Guild Mortgage Expands Reverse Mortgage Division
Announces plan after acquiring Cherry Creek Mortgage, a top 10 HECM lender.
Guild Mortgage says it will integrate reverse mortgages into its platform following its recent acquisition of Cherry Creek Mortgage.
Guild, a San Diego-based growth-oriented mortgage lending company originating and servicing residential loans since 1960, acquired Cherry Creek Mortgage LLC, a privately held Colorado-based lender, last week. The merger added 68 branches in 45 states to Guild’s expanding retail network.
Cherry Creek is a privately held top 10 reverse mortgage lender, as ranked by Reverse Mortgage Insight (RMI).
Guild said Friday it will use its existing retail team in some 300 branches throughout the U.S. to expand reverse mortgage offerings to more borrowers. It will offer turnkey wholesale and correspondent solutions to other lenders wanting to enter the reverse mortgage market, it said.
“The combination of proprietary technology and the broad and established retail network gives Guild the opportunity to advance as a leading retail, wholesale, and closed-loan purchaser of reverse mortgages,” said Bruce Barnes, managing director of reverse mortgages for Guild Mortgage, who joined the company from Cherry Creek. “We believe having the ability to securitize and service the reverse mortgage product will continue to strengthen our offerings and help us to serve more borrowers nationwide.”
Cherry Creek has been a leading player in the reverse mortgage business. For the 12 months ended February, it was the nation's 10th most active originator of Home Equity Conversion Mortgages (HECM), according to RMI. For 2023, it ranks eighth among program participants to date, according to RMI.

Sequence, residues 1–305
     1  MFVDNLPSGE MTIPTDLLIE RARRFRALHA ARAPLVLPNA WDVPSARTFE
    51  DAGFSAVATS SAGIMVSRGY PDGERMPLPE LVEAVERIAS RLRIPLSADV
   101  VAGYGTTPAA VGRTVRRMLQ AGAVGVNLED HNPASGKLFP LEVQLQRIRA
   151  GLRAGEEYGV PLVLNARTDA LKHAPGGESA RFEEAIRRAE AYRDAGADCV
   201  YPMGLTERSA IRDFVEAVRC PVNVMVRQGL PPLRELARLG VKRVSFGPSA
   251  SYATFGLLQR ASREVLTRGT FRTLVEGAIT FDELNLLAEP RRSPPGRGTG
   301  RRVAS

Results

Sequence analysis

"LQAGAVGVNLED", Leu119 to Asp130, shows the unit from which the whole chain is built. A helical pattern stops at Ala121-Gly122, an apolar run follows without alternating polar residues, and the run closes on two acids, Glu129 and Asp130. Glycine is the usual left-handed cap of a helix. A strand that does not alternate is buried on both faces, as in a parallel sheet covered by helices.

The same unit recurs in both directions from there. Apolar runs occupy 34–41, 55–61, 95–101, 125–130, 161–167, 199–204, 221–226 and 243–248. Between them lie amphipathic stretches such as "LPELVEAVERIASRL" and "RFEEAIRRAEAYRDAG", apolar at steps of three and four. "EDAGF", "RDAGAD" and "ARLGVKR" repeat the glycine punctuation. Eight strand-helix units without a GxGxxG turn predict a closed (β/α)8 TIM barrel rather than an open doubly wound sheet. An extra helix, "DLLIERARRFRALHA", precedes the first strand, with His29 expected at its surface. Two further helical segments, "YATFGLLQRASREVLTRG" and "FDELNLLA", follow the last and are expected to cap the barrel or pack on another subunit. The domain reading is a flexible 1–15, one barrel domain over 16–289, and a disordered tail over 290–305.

“The acquisition of Cherry Creek Mortgage and its reverse mortgage division continues to align with our customer-for-life strategy,” said Guild President Terry Schmidt. “This new combination of resources enables us to expand our business to meet a growing market need.”
A reverse mortgage loan enables the borrower to access equity in a property and use it to supplement retirement income. HECMs are federally insured by the Federal Housing Administration (FHA), a branch of the U.S. Department of Housing and Urban Development (HUD).
HECMs account for nearly all reverse mortgages in the U.S., with an average of 50,000 loans issued annually. Prospective borrowers who are interested in a reverse mortgage loan must be 62 or older; own their home, and use it as their primary residence; own their home free and clear, or have a small amount left to pay on their existing mortgage; and own a single-family, up to four-unit multi-family home, or approved condominium or manufactured home in good condition.
Guild noted that the market for HECM loans is expected to grow. According to the Urban Institute, the number of Americans ages 65 and older will more than double over the next 40 years, reaching 80 million in 2040. The number of adults ages 85 and older will nearly quadruple between 2000 and 2040.